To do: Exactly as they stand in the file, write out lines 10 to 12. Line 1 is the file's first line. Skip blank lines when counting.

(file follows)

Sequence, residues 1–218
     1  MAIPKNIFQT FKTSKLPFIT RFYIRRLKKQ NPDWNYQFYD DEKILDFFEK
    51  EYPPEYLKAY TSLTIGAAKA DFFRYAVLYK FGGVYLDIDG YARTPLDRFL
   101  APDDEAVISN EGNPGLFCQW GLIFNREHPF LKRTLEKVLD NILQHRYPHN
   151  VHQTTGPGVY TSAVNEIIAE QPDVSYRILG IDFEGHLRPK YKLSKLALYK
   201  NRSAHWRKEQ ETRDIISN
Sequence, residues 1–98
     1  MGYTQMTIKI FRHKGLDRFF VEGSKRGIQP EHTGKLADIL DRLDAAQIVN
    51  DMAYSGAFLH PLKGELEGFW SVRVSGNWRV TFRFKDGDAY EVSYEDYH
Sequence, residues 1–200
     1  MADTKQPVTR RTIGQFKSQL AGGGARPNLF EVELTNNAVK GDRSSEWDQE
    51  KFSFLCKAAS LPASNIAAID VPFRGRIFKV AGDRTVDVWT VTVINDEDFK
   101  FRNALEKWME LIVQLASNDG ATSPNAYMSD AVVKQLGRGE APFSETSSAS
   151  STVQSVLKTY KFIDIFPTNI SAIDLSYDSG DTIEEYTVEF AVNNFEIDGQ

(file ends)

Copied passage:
Sequence, residues 1–200
     1  MADTKQPVTR RTIGQFKSQL AGGGARPNLF EVELTNNAVK GDRSSEWDQE
    51  KFSFLCKAAS LPASNIAAID VPFRGRIFKV AGDRTVDVWT VTVINDEDFK